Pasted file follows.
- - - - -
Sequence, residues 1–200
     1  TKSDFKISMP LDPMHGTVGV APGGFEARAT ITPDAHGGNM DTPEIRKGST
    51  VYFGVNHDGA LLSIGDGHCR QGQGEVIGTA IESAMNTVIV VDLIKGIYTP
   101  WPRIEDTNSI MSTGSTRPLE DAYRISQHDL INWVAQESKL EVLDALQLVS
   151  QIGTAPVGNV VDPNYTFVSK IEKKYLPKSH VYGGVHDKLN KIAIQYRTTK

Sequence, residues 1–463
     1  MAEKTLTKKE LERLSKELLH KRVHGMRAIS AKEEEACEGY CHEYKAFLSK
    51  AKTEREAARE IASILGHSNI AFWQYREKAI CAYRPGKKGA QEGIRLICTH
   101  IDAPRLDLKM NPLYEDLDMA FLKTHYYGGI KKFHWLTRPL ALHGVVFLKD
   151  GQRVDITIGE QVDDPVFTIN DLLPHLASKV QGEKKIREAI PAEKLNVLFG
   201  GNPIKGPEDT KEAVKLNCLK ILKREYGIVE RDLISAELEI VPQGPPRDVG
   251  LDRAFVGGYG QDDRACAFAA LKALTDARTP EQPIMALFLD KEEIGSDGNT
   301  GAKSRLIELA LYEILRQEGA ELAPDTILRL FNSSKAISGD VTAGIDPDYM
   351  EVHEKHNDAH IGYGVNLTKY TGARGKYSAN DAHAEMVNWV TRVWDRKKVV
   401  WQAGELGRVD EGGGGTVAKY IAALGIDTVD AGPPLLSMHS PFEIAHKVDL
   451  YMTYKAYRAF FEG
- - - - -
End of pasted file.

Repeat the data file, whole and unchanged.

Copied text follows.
Sequence, residues 1–200
     1  TKSDFKISMP LDPMHGTVGV APGGFEARAT ITPDAHGGNM DTPEIRKGST
    51  VYFGVNHDGA LLSIGDGHCR QGQGEVIGTA IESAMNTVIV VDLIKGIYTP
   101  WPRIEDTNSI MSTGSTRPLE DAYRISQHDL INWVAQESKL EVLDALQLVS
   151  QIGTAPVGNV VDPNYTFVSK IEKKYLPKSH VYGGVHDKLN KIAIQYRTTK

Sequence, residues 1–463
     1  MAEKTLTKKE LERLSKELLH KRVHGMRAIS AKEEEACEGY CHEYKAFLSK
    51  AKTEREAARE IASILGHSNI AFWQYREKAI CAYRPGKKGA QEGIRLICTH
   101  IDAPRLDLKM NPLYEDLDMA FLKTHYYGGI KKFHWLTRPL ALHGVVFLKD
   151  GQRVDITIGE QVDDPVFTIN DLLPHLASKV QGEKKIREAI PAEKLNVLFG
   201  GNPIKGPEDT KEAVKLNCLK ILKREYGIVE RDLISAELEI VPQGPPRDVG
   251  LDRAFVGGYG QDDRACAFAA LKALTDARTP EQPIMALFLD KEEIGSDGNT
   301  GAKSRLIELA LYEILRQEGA ELAPDTILRL FNSSKAISGD VTAGIDPDYM
   351  EVHEKHNDAH IGYGVNLTKY TGARGKYSAN DAHAEMVNWV TRVWDRKKVV
   401  WQAGELGRVD EGGGGTVAKY IAALGIDTVD AGPPLLSMHS PFEIAHKVDL
   451  YMTYKAYRAF FEG